● Works as a tool of motivation for the staff.
● The company’s choice is limited to existing employees of the company.
● Hiring fresh employees is a lost prospect.
2. External sources of recruitment:
External sources of recruitment refer to the sources that lie outside or exist external to the organization. External sources of recruitment include:
● People join an organization, specifically through recommendations.
● Employment agencies( e.g. glassdoor.com) or employment exchanges.
● Institutes like colleges and vocational schools (e.g. campus selection)
● Hiring unskilled labor
● List of applications
● Temporary workers.
Encouraging existing employees to recommend suitable candidates can thus lead to the hiring of the right individuals for the right jobs. A higher level of teamwork and synchronization among employees would, therefore, be achieved.
Methods of External Sources:
It’s a popular way to hire professionals, clerical staff, and higher-level personnel. Newspaper and professional publication advertisements are permitted. These advertisements generate a large number of applications of various quality levels. It takes a specialized effort to create effective advertising.
A ‘blind advertisement’ may be published if a company desires to remain unknown, urging candidates to apply to Post Bag or Box Number, or any advertising agency.
2. Employment Exchanges:
In the US, the United States Employment Service(USES) is a federal agency that manages employment exchanges. It is frequently used as a source of recruiting for unskilled, semi-skilled, skilled, clerical, and other positions. In certain circumstances, it has become mandatory for businesses to post their job openings on the jobs exchange.
Previously, businesses would only utilize these services as a last resort. The employment exchanges bring job seekers and job providers together.
3. Schools, Colleges, and Universities:
It has been standard practice to recruit directly from educational institutions for certain occupations needing technical or professional skills (i.e. placement). The recruitment of qualified employees is aided by a close interaction between the business and educational institutions. While they are studying, the students are recognized. This strategy might be used to recruit junior executives or management trainees.
4. Recommendation of Existing Employees:
The organization’s present personnel is familiar with the candidate, and she comes highly recommended. As a result, a number of companies encourage current workers to help them find applications from people they know. In some cases, awards may be awarded if the company chooses applicants suggested by them. Employee morale will deteriorate if partiality results from suggestions.
6. Casual Callers:
Personnel who drop in on the job on a whim may also be considered for the available post. It is the most cost-effective recruitment method. In industrialized countries, this type of recruiting is extremely common.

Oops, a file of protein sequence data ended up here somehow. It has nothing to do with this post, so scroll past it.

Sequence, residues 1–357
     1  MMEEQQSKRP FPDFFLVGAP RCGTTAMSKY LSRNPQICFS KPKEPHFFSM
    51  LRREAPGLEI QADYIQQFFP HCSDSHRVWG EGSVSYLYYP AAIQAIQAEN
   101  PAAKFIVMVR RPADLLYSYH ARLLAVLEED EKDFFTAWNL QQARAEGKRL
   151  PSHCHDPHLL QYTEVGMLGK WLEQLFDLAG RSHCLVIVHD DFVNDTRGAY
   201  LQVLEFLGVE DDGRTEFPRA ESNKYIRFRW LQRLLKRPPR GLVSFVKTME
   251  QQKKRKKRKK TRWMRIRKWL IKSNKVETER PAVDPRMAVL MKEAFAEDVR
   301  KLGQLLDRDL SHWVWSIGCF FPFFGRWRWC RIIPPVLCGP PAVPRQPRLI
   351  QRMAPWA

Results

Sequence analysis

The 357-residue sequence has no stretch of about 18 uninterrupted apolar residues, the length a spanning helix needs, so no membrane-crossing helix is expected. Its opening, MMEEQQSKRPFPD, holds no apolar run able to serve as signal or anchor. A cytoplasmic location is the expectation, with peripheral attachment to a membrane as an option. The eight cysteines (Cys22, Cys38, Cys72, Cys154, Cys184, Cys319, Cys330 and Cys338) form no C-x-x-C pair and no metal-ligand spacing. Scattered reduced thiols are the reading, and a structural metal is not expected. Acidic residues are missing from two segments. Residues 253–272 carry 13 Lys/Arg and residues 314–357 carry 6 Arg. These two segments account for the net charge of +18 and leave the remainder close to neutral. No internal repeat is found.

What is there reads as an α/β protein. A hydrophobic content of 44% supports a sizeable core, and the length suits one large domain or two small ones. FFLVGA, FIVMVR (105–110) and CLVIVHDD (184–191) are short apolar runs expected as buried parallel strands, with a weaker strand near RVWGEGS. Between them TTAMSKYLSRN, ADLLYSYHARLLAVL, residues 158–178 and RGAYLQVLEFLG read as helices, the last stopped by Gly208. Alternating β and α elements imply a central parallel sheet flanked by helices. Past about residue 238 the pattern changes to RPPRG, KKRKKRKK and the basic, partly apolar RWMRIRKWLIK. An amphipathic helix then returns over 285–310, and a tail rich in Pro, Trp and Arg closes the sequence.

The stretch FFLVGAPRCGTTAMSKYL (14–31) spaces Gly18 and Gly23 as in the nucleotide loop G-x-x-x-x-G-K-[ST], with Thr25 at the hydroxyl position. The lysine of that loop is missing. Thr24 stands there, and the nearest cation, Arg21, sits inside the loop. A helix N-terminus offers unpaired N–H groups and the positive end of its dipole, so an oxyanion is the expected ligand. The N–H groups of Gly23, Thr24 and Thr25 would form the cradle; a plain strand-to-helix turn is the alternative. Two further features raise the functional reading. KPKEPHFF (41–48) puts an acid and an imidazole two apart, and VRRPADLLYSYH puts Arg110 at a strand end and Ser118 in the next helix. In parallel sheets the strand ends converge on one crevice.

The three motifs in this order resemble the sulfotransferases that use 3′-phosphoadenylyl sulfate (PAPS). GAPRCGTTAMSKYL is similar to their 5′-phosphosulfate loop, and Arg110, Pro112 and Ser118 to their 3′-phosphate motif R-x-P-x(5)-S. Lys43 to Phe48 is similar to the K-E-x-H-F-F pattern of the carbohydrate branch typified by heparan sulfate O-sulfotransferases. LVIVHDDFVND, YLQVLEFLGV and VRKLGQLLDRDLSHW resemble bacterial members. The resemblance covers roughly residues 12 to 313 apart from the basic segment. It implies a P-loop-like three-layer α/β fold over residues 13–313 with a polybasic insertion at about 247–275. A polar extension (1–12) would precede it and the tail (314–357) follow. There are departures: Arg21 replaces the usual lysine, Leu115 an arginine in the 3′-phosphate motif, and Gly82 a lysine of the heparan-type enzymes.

7. Central Application File:
It is possible to keep a record of past applicants who were not picked. To keep the file active, applications in the files must be validated at regular intervals.
8. Labour Unions:
All recruits in certain professions, including construction, hotels, the maritime industry, and others (i.e., industries with job instability), come from unions. It is advantageous to management since it reduces recruitment expenses. In other cases, however, unions may be invited to propose people as a show of goodwill or as a favor to the union.
9. Labour Contractors:
In the brick kiln business, this kind of recruitment is still utilized to hire unskilled and semi-skilled workers. The contractors keep in touch with the workers and transfer them to where they are required. They are compensated on the basis of the number of individuals they furnish.
10. Former Employees:
Employees who have been laid off or who have left the factory on their own may be rehired if they are interested in working for the company (provided their record is good).
11. Other Sources:
Aside from these key sources of external recruiting, there are undoubtedly more sources that organizations use from time to time. These include specific lectures presented by recruiters in various universities, albeit these talks do not appear to be directly related to recruiting.
Then there are video clips that are delivered to various companies and organizations to demonstrate the company’s history and progress. These videos tell the tale of the firm to a wide range of viewers, generating interest in them. Various companies organize trade exhibitions that draw a large number of prospective workers.
Many times, adverts are placed for a certain type of workforce (say, married women) who worked previously to their marriage. These females might also serve as a valuable supply of labor. Similarly, there is a labor market comprised of physically challenged individuals. Visits to other firms can also aid in the discovery of fresh sources of recruiting.
Merits of External Sources:
1. Availability of Suitable Persons: